Next week will be an exciting one for a handful of scientists with the announcement of the 2013 Nobel prizes. With the recent experimental confirmation of the Higgs boson last year at the Large Hadron Collider, rumours are beginning to swirl that the physics prize might go to some of the physicists who predicted its existence and the mechanism that gives mass to matter in the Universe.
James Clerk Maxwell realised, in 1864, that electricity and magnetism were just two sides of the same coin and that light was made up of electromagnetic waves. He developed an elegant theory describing the unified force of electromagnetism and the equations that describe the dynamics of an electromagnetic field now carry his name.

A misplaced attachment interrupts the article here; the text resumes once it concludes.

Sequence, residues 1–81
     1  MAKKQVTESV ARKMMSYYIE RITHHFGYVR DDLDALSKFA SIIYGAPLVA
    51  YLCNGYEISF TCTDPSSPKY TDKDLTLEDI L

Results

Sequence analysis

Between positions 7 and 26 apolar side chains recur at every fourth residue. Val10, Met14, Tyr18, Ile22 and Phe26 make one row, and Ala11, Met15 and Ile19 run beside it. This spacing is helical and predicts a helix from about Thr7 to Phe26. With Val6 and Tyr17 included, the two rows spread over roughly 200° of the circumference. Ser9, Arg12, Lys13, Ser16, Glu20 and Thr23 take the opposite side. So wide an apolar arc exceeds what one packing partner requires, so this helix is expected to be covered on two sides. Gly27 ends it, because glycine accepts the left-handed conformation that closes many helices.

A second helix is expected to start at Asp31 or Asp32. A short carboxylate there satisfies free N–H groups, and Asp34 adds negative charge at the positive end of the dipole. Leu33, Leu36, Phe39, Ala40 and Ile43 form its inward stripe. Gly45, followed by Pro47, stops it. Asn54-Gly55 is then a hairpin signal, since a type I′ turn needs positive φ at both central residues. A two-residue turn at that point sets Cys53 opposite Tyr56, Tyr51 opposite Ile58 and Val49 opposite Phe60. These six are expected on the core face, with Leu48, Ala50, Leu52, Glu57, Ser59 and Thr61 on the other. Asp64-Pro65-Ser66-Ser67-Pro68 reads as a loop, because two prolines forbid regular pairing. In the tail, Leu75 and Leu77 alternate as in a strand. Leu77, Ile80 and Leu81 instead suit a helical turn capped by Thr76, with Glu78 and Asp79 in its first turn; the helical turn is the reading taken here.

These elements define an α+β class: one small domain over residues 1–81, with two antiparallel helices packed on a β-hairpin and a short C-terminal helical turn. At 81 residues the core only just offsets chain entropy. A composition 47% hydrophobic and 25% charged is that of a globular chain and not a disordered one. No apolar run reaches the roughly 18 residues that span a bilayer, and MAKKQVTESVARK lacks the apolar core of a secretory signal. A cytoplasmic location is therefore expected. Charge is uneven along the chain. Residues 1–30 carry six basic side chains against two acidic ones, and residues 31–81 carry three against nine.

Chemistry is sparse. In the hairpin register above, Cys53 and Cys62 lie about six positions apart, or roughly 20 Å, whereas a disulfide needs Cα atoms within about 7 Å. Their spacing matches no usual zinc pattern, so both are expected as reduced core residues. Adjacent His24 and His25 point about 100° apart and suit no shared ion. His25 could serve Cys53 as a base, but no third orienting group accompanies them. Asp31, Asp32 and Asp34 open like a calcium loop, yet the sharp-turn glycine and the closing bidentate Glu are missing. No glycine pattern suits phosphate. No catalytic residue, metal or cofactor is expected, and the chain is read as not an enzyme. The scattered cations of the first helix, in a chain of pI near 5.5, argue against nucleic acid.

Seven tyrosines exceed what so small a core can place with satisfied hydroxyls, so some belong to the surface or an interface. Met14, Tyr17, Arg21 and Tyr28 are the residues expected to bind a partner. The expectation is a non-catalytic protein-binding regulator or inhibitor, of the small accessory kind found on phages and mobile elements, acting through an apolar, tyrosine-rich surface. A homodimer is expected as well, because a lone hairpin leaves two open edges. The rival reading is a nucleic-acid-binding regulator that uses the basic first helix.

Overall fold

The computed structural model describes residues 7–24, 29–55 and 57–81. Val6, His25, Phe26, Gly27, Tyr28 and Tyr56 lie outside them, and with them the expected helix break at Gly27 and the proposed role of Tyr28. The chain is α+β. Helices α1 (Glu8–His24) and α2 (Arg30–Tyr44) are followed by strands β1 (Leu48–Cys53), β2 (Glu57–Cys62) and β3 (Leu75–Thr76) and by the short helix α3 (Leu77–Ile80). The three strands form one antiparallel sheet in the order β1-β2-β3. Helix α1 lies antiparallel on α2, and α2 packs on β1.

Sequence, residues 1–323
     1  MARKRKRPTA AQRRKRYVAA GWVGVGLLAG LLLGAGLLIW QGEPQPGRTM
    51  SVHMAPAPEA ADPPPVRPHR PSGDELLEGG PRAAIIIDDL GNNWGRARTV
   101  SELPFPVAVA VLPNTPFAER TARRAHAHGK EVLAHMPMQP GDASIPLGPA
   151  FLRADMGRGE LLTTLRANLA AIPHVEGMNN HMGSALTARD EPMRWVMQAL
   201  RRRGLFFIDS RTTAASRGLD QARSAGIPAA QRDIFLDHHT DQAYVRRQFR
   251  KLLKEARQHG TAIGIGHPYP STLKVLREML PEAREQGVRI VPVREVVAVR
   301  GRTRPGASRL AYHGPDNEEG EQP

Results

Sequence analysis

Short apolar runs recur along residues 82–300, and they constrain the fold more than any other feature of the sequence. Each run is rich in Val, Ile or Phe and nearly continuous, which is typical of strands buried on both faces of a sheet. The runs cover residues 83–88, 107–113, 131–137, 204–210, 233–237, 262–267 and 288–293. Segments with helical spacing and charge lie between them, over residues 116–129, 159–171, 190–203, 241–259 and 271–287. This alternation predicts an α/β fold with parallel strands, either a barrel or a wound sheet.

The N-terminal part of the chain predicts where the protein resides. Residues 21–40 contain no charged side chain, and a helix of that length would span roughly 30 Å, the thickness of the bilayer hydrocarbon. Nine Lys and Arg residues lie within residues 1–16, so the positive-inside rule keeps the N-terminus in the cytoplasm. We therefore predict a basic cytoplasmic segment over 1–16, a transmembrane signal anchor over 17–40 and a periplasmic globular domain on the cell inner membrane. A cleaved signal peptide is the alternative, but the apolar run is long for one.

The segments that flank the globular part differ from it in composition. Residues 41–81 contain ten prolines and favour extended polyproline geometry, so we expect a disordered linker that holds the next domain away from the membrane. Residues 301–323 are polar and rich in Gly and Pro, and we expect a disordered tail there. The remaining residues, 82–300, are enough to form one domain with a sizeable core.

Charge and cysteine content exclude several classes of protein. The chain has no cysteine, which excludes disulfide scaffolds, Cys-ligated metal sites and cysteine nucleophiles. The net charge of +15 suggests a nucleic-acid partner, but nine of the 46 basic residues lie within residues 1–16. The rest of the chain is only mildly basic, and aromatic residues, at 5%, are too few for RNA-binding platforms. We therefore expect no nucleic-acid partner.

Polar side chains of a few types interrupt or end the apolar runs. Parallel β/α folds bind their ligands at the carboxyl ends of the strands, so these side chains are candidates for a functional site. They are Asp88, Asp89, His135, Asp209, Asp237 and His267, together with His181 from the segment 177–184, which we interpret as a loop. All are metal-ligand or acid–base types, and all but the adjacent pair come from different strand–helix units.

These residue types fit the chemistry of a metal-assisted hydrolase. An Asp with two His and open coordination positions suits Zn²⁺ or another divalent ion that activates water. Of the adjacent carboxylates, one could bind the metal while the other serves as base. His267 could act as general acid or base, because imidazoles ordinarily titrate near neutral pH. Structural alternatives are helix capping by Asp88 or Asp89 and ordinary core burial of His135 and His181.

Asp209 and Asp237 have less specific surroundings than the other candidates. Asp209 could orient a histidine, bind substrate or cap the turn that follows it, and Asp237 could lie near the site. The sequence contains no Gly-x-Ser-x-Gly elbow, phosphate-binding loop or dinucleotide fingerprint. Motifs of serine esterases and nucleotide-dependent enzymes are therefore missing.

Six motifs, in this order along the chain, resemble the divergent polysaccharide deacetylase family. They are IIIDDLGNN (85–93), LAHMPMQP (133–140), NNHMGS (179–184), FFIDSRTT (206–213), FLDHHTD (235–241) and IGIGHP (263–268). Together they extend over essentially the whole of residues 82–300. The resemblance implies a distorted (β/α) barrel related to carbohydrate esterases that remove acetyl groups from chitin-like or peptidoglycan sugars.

If you're looking for a change of scene next Tuesday lunchtime why not go along to hear Raymond Flood, Gresham Professor of Geometry, talk about "Butterflies, Chaos and Fractals", 1pm on Tuesday, 17 September 2013, at the Museum of London. It's just one of a selection of great free public lectures given by Gresham Professors over the upcoming months.
Images are now being taken on the world's most powerful digital camera. For over 500 nights over the next five years the Dark Energy Camera will photograph the light from more than 100,000 galaxies up to 8 billion light-years away in each image.